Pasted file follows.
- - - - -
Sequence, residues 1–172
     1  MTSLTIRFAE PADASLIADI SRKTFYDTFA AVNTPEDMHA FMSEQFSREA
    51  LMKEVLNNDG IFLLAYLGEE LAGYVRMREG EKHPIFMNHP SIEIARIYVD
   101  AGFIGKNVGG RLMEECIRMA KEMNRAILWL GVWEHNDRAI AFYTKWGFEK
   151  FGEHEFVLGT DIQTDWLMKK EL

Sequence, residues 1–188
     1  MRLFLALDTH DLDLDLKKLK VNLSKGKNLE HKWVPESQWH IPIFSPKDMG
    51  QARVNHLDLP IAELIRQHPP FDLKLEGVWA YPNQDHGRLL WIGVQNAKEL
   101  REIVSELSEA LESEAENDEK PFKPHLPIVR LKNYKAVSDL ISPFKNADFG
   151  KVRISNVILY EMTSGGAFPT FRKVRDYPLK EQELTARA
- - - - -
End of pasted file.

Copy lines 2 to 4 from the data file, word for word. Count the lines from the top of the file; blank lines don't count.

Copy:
     1  MTSLTIRFAE PADASLIADI SRKTFYDTFA AVNTPEDMHA FMSEQFSREA
    51  LMKEVLNNDG IFLLAYLGEE LAGYVRMREG EKHPIFMNHP SIEIARIYVD
   101  AGFIGKNVGG RLMEECIRMA KEMNRAILWL GVWEHNDRAI AFYTKWGFEK